Many states are implementing their own cybersecurity programs. In 2015, New Jersey founded The New Jersey Cybersecurity and Communications Integration Cell (NJCCIC), also known as the New Jersey Office of Homeland Security and Preparedness' Division of Cybersecurity. This is the first state-level information sharing and analysis organization in the United States that exchanges cyber threat intelligence and conducts incident response for governments, businesses and citizens in New Jersey.
Other states have since followed suit with their own cybersecurity-focused projects, like the Michigan's Cyber Disruption Response Plan and California's Cybersecurity Taskforce. These types of programs can help local governments understand recent incidents, increase awareness of the threat landscape in their area and share that information with the public and local businesses.
Last, and certainly not least, infosec staff must continuously educate themselves about cybersecurity developments and best practices, such as internet isolation and zero-trust browsing. For instance, a zero-trust approach to browsing enables government organizations to protect their systems and data from the most common threats while allowing users to freely browse the sites that they need to get work done -- hassle free.
What is zero-trust security for cyber protection?
The zero-trust concept, summarized as "trust no one, verify everything," revolutionizes cybersecurity strategies. Government entities can avoid many cyberthreats if they assume that no individual or element can be automatically trusted. No traffic, whether internal or external, should automatically be deemed safe; organizations must simply stop trusting and start verifying, always.
Unfortunately, we all know that the internet cannot be trusted to be safe. Zero Trust supporters have suggested whitelisting safe sites and blocking access to others as a solution, but this causes frustrations and hobbles productivity. Every time users need access to blocked sites, they have to request access from the IT department, introducing wait time for users, burdensome overhead for IT and distracting context switching for both. IT will then have to interrupt what they're doing and assess the site before granting access (or not), and the user must wait before continuing work.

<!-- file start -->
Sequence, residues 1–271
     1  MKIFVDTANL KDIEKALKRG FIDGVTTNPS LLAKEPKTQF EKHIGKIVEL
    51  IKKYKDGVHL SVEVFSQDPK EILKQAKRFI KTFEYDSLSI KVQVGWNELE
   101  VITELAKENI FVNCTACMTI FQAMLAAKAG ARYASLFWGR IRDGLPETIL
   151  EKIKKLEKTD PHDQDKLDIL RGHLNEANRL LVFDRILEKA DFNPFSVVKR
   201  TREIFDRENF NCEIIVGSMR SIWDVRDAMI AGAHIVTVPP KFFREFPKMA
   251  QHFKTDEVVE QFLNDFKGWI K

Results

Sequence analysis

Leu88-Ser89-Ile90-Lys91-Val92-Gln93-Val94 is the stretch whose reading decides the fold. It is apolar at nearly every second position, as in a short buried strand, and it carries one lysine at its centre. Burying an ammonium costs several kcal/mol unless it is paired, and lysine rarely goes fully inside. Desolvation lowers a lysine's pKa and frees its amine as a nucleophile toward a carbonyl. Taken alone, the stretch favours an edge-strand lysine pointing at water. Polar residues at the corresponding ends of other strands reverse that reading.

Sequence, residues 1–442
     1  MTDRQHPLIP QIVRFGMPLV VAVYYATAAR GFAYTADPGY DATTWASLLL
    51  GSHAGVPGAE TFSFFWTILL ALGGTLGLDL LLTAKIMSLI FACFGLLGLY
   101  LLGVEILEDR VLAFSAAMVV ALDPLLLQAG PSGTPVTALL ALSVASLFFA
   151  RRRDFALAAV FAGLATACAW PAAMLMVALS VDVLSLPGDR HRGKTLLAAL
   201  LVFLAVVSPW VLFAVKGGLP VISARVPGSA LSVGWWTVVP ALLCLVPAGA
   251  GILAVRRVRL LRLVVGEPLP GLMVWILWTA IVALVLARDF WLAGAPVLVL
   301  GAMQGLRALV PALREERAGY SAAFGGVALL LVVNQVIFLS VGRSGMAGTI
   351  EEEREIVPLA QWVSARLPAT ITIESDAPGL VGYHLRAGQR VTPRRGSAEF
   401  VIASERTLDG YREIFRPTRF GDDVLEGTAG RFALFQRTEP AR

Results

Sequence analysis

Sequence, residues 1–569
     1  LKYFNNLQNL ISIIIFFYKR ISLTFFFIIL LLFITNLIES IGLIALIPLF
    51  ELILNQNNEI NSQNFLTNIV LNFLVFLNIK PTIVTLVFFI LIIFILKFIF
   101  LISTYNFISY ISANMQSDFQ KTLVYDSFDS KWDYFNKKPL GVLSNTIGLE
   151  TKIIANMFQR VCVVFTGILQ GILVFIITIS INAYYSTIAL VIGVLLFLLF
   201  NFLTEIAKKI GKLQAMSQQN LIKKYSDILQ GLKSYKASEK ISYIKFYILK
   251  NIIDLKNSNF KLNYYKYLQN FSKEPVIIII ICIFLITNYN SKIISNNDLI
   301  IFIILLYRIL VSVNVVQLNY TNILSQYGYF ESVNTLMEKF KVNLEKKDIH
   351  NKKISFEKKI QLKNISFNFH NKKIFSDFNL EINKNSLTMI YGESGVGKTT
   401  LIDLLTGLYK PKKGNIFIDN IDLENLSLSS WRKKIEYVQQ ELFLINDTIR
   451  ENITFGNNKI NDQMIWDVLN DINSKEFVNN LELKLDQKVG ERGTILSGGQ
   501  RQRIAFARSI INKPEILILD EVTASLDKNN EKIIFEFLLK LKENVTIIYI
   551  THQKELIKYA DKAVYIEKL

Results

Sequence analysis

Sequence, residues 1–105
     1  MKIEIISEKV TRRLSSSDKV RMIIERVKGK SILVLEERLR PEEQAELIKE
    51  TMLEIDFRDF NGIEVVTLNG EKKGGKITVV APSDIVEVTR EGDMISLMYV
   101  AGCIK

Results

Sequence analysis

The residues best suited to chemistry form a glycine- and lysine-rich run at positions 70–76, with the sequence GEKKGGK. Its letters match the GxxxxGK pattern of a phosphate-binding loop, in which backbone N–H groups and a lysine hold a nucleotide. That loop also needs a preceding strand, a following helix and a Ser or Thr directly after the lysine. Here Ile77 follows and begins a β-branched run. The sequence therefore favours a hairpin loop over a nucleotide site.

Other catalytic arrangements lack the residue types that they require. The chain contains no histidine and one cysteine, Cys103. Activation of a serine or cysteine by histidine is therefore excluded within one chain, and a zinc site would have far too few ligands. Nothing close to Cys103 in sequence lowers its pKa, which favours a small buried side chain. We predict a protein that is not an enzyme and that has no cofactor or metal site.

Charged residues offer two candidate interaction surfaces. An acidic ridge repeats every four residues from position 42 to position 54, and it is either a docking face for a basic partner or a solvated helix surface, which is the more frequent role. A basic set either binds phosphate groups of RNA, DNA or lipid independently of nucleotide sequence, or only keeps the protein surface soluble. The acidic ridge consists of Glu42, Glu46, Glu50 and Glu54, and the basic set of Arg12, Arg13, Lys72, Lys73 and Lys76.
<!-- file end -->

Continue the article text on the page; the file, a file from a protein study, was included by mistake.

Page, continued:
Secure zero-trust browsing
Secure browsing solutions are available that operate on the principle that nothing on the internet is to be trusted. Remote browser isolation (RBI), in particular, executes all browsing remotely, on virtual browsers in a disposable container located in the cloud, so no website content ever touches organizational endpoints.
Through RBI, users interact naturally with all websites and applications in real time via a safe media stream that is sent from the remote browser to the endpoint browser of their choice. When the user is finished browsing, the container and all its contents are destroyed. Users may interact freely and without danger with the sites that they need, with no need for helpdesk access requests or assistance.
To prevent users from falling victim to phishing attacks, which hackers have found highly effective in attacks on government agencies, robust RBI solutions offer the option of opening potentially dodgy sites in read-only mode to prevent unsuspecting users from revealing credentials. Known phishing sites can be blocked entirely or opened with a warning.
The best solutions are browser-agnostic, work with all devices and operating systems and are clientless, making roll-out and updating simple.
The future of cybersecurity in government organizations
Taking control of a situation before it becomes a problem must be the approach of all government infosec departments. We don't know what the future holds, but as hackers get more creative and more aggressive, we must be prepared. For government IT departments, this means rethinking current approaches and best practices and staying abreast of effective new solutions that protect their agencies without adding burdensome overhead for understaffed departments.